Which is it? Is BP solely to blame, or is the federal government to blame too?
And Obama's been president since January 2009. How much of the damage is due to Obama's "philosophy, incompetence and negligence"?
Apparently none, according to The Times. Evil Big Oil is the villain and all will be well if Obama's energy plan is approved! Obama just needs to be more energetic and dedicated in doing what he said he would do.
Surely Obama can be more energetic and dedicated than he has been with respect to the Gulf catastrophe, if he does what President Bush did as a result of the war in Iraq: give up golf.
Curiously, The Times insists that the Gulf catastrophe was NOT an aberration, but backs Obama's plan to have BP pay all Gulf catastrophe-related damages (liberally defined).
"Even now, after the worst environmental disaster in American history, industry is unbowed. In Congressional testimony on Tuesday, top officials of Exxon Mobil, Chevron, Royal Dutch Shell and ConocoPhillips insisted that this spill was an aberration and that their companies couldn’t possibly make the same mistakes. Representative Edward Markey noted, pointedly, that the response plans of all four companies were virtual carbon copies of BP’s.
"In his address, Mr. Obama pressed the Senate to move ahead with a long-stalled comprehensive energy and climate bill, a necessary first step to reducing this country’s dependence on fossil fuels and tackling the problem of global warming. Time is quickly running out for Congress to act before the midterm elections. There is no chance at all unless Mr. Obama takes full charge of that fight as well."
Pray that there is no chance if he does! Just as Obamacare will ruin the world's finest medical system, Obama's "comprehensive energy and climate bill" will wreck America's economy.
Michael J. Gaynor has been practicing law in New York since 1973. A former partner at Fulton, Duncombe & Rowe and Gaynor & Bass, he is a solo practitioner admitted to practice in New York state and federal courts and an Association of the Bar of the City of New York member.
Gaynor graduated magna cum laude, with Honors in Social Science, from Hofstra University's New College, and received his J.D. degree from St. John's Law School, where he won the American Jurisprudence Award in Evidence and served as an editor of the Law Review and the St. Thomas More Institute for Legal Research. He wrote on the Pentagon Papers case for the Review and obscenity law for The Catholic Lawyer and edited the Law Review's commentary on significant developments in New York law.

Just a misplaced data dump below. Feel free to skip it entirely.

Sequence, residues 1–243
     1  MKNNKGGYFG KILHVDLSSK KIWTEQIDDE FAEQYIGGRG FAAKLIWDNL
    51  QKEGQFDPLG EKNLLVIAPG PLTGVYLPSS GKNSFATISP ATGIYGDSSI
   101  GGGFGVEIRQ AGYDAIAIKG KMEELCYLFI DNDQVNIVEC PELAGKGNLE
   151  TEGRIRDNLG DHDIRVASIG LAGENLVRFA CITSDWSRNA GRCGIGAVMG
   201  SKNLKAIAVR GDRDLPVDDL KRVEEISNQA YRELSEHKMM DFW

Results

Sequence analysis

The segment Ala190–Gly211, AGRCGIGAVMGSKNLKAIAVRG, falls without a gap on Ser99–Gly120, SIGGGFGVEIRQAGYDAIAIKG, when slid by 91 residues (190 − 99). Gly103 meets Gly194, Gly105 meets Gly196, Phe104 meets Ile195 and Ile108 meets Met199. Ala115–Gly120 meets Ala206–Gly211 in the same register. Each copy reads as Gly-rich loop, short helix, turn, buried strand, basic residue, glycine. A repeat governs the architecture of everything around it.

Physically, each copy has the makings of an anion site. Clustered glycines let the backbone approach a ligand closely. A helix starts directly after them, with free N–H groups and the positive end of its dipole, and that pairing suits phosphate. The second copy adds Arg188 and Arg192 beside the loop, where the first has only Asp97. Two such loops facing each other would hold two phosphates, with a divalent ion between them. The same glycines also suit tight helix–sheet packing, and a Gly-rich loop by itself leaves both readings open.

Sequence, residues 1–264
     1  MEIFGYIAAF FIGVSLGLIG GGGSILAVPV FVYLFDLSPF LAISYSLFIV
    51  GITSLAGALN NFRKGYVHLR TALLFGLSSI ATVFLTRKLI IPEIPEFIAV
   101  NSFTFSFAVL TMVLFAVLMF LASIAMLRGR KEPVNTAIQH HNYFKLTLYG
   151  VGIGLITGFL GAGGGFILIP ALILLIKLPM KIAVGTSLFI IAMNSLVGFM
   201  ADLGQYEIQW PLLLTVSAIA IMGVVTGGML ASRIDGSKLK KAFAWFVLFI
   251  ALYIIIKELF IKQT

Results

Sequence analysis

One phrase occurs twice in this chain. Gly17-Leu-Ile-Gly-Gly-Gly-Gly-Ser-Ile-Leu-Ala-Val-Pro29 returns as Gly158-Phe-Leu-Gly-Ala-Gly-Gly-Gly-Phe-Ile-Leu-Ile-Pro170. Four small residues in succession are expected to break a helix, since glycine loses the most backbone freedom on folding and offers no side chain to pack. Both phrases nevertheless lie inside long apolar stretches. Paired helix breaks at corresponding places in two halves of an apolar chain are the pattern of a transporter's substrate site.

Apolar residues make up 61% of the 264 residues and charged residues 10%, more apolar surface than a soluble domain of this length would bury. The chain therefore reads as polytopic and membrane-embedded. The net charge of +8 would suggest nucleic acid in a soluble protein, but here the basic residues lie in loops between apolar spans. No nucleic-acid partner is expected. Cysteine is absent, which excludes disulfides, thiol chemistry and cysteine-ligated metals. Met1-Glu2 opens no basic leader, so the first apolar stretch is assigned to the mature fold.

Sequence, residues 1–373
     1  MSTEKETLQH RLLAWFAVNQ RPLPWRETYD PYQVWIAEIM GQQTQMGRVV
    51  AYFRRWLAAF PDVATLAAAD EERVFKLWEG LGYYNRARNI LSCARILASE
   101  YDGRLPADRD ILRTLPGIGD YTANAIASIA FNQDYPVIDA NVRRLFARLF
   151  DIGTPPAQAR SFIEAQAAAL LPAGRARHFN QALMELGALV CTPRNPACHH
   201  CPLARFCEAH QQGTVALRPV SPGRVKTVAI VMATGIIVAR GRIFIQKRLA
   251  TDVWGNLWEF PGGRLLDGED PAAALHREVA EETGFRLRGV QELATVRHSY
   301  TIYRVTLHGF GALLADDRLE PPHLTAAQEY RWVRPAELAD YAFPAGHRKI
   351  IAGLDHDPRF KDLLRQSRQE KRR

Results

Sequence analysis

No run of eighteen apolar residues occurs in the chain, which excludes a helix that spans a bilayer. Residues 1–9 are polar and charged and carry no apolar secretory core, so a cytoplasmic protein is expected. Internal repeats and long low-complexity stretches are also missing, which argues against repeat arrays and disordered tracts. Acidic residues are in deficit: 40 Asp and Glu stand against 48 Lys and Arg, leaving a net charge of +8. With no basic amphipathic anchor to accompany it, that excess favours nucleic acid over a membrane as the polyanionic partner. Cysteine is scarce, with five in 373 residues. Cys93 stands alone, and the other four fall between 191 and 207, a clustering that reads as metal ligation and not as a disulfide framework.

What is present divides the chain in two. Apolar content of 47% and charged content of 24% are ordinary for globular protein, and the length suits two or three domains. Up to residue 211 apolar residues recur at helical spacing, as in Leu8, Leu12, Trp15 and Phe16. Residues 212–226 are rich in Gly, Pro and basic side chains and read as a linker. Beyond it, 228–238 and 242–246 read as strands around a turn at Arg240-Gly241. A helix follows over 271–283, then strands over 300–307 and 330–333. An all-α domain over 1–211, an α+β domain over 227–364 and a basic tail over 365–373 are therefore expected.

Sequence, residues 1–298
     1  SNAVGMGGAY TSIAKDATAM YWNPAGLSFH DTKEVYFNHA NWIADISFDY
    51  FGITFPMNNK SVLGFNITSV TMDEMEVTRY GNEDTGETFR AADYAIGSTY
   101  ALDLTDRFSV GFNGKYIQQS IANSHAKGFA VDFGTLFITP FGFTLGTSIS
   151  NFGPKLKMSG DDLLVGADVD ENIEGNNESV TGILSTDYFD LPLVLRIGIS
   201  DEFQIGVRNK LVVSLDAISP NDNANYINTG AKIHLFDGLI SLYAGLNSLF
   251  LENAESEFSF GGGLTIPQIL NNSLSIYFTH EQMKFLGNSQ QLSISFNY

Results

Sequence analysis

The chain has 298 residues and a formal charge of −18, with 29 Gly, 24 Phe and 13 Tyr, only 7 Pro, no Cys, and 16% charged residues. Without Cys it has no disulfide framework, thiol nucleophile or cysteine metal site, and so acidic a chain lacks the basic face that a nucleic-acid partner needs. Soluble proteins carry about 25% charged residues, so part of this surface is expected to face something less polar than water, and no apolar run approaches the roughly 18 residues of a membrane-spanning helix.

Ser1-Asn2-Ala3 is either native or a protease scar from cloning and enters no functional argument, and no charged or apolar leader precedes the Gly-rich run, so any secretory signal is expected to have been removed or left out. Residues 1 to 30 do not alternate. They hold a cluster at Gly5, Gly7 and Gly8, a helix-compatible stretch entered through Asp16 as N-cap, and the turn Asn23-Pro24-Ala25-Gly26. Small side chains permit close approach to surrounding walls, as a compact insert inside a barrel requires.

The day after graduating, Gaynor joined the Fulton firm, where he focused on litigation and corporate law. In 1997 Gaynor and Emily Bass formed Gaynor & Bass and then conducted a general legal practice, emphasizing litigation, and represented corporations, individuals and a New York City labor union. Notably, Gaynor & Bass prevailed in the Second Circuit in a seminal copyright infringement case, Tasini v. New York Times, against newspaper and magazine publishers and Lexis-Nexis. The U.S. Supreme Court affirmed, 7 to 2, holding that the copyrights of freelance writers had been infringed when their work was put online without permission or compensation.
Gaynor currently contributes regularly to www.MichNews.com, www.RenewAmerica.com, www.WebCommentary.com, www.PostChronicle.com and www.therealitycheck.org and has contributed to many other websites. He has written extensively on political and religious issues, notably the Terry Schiavo case, the Duke "no rape" case, ACORN and canon law, and appeared as a guest on television and radio. He was acknowledged in Until Proven Innocent, by Stuart Taylor and KC Johnson, and Culture of Corruption, by Michelle Malkin. He appeared on "Your World With Cavuto" to promote an eBay boycott that he initiated and "The World Over With Raymond Arroyo" (EWTN) to discuss the legal implications of the Schiavo case. On October 22, 2008, Gaynor was the first to report that The New York Times had killed an Obama/ACORN expose on which a Times reporter had been working with ACORN whistleblower Anita MonCrief.